Understanding Mutual Funds

Understanding Mutual Funds - Blog by Fintock

A mutual fund (just like equity and bonds) is another kind of investment instrument. To put it plainly, it is a collection of stocks and/or bonds managed by professionals who are part of an asset management company (the company operating the fund). Or you can look at it as a sort of a company which pools in money from a number of people (potential investors like you) and then invests the sum in various other investment schemes like equity,bonds etc.

The nitty-gritty…

Each investor owns units, which represent a portion of the holdings of the fund that they own. The income/gains generated from this collective investment is distributed proportionately amongst the investors after deducting certain expenses, by calculating a scheme’s “Net Asset Value or NAV. Think of NAV as: what share price is to a stock, NAV is to a mutual fund. But rather than changing throughout the day it gets updated when trading closes since it is calculated as the total value of all assets/securities fund is holding per unit share of the fund. All the expenses and fees charged by the company on the other hand constitute the expense ratio.These include brokerage charges,management fees,entry and exit loads (what you have to pay while joining and exiting the fund resp.),etc. This is what you will have to pay extra apart from your investment amount to the fund company. These expenses are also regulated by the SEBI which has set different limits on different types of funds, a topic for future discussion so stay tuned :). 

Why bother??

The reason why mutual funds in recent years have become so popular (and why you keep hearing that phrase mutual funds sahi hai) is that the risk of equity is already minimised in mutual funds as they maintain a diverse investing portfolio.Now you might ask, why is that so? Imagine a scenario where one person invests some amount in the stocks of a company X directly and another person invests the same amount of money in a mutual fund. Now if for some reason your company X’s stock doesn’t do well or results in a loss, you would have lost all the money whereas in a mutual fund a potential loss in one company holding might be hedged/recovered by gains in other holdings of your fund.This is especially useful for individuals who simply just do not have the time to analyse each stock rigorously.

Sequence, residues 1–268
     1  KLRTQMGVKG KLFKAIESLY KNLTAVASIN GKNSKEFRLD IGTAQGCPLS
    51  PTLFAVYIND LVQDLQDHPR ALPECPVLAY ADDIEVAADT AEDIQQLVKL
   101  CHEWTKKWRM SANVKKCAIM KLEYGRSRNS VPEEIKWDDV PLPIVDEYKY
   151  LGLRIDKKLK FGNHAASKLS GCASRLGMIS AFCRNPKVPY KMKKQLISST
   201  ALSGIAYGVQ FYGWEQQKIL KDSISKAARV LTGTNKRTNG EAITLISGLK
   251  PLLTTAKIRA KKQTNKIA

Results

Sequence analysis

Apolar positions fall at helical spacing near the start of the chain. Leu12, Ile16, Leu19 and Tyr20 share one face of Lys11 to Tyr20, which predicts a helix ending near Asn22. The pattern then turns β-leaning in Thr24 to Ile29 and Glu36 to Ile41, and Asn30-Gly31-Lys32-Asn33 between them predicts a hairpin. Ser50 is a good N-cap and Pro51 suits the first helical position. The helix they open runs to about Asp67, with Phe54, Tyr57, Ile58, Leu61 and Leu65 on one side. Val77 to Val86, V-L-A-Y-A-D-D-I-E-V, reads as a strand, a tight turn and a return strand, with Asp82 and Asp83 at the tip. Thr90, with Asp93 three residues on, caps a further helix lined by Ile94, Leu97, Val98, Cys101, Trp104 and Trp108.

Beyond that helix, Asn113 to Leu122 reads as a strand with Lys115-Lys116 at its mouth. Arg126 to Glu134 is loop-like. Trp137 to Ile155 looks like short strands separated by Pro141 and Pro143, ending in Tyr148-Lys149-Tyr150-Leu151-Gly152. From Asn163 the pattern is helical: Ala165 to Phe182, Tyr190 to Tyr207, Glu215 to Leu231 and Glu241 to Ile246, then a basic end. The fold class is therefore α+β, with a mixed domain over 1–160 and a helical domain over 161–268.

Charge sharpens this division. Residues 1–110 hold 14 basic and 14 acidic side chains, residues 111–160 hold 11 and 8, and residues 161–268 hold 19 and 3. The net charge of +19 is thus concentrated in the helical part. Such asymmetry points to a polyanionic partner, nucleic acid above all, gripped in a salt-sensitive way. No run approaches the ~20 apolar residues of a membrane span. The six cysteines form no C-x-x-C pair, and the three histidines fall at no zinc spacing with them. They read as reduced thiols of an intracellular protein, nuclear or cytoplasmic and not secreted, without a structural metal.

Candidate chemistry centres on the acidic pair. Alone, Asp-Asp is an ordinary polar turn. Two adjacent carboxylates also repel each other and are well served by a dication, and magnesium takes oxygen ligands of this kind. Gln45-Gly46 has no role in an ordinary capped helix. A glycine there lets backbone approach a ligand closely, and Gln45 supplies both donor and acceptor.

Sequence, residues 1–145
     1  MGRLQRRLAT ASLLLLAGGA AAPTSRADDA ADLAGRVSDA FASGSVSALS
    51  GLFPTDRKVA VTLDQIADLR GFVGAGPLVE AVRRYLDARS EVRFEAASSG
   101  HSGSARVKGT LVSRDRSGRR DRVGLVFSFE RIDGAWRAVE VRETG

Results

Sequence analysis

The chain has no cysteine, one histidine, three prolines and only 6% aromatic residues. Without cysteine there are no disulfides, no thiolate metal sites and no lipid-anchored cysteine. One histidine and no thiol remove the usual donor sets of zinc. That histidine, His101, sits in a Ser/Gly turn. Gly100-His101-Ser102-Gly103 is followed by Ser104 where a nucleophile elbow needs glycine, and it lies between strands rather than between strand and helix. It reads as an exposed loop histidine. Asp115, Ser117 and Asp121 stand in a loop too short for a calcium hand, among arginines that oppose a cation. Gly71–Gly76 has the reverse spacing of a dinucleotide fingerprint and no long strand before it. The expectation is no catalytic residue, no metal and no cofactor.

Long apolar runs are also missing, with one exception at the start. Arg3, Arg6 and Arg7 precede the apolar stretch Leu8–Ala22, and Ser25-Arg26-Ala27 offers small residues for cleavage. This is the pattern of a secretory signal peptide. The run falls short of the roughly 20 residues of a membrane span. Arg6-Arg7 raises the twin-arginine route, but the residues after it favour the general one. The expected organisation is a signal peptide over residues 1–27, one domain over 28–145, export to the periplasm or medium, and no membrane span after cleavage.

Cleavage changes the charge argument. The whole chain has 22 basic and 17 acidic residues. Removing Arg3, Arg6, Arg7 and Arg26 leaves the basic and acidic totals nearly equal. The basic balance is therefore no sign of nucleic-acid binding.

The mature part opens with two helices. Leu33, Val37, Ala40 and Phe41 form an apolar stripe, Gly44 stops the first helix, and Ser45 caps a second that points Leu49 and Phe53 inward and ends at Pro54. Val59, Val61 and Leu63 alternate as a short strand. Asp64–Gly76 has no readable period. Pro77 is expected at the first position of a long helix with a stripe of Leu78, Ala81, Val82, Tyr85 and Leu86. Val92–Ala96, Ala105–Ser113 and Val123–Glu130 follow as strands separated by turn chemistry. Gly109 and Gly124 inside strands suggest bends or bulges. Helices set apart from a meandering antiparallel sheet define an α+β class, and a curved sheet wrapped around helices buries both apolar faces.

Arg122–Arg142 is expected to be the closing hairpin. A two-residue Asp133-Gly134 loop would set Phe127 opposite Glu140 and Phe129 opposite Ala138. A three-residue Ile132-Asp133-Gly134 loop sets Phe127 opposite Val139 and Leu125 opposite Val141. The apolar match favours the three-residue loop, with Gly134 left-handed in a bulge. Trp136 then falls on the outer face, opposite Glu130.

But unlike stocks, mutual funds do not give its holders any voting rights. Each person holds a share of the fund which represents investments in different stocks or other securities instead of just one holding.

The not so good stuff

There are some compromises though, in trying to minimise risk you have to give up control. As you can see, unlike other investments, you have no control over where your money is being put; it’s all down to the fund managers and what they feel is best. Moreover the performance of a fund is dependent on a variety of factors. And since a lot of funds have rookie investors onboard, a lot of them back out as soon as they see the market going down. This leaves the managers in a helpless position, having to sell holdings at a loss when they could have been going on a treasure hunt for stocks instead.

 So…How can I?

Now there are two basic ways you can go about investing in mutual funds: either go all in and invest all your money in one go (lump sum) or you can choose to invest a fixed small amount periodically (SIP or Systematic Investment Plan). Generally an SIP is considered an easier option especially for equity funds but even if you do choose a lump sum scheme you should try and stagger your investments over the whole year to beat volatility and minimise risk. This also instils financial discipline which as we saw in one of our previous blogs is a key attribute of an intelligent investor.

Choosing a fund involves taking into account all the different factors we have outlined above. It’s up to you to find the best possible combination that suits your investing profile. There are various platforms both online and offline where you can start investing in mutual funds. You can directly register yourself with AMCs like Axis mutual fund, Motilal Oswal Mutual Funds, UTI Mutual Funds or you can invest through aggregators like Coin by Zerodha. The hallmark of a great investor is how well he interprets and uses the knowledge available to him. And now we leave that task to you.





One Response

  1. […] we know what a mutual fund is already. If not, please hit this article here. So, we are talking about a common pool of funds which is managed by a fund manager. The funds are […]

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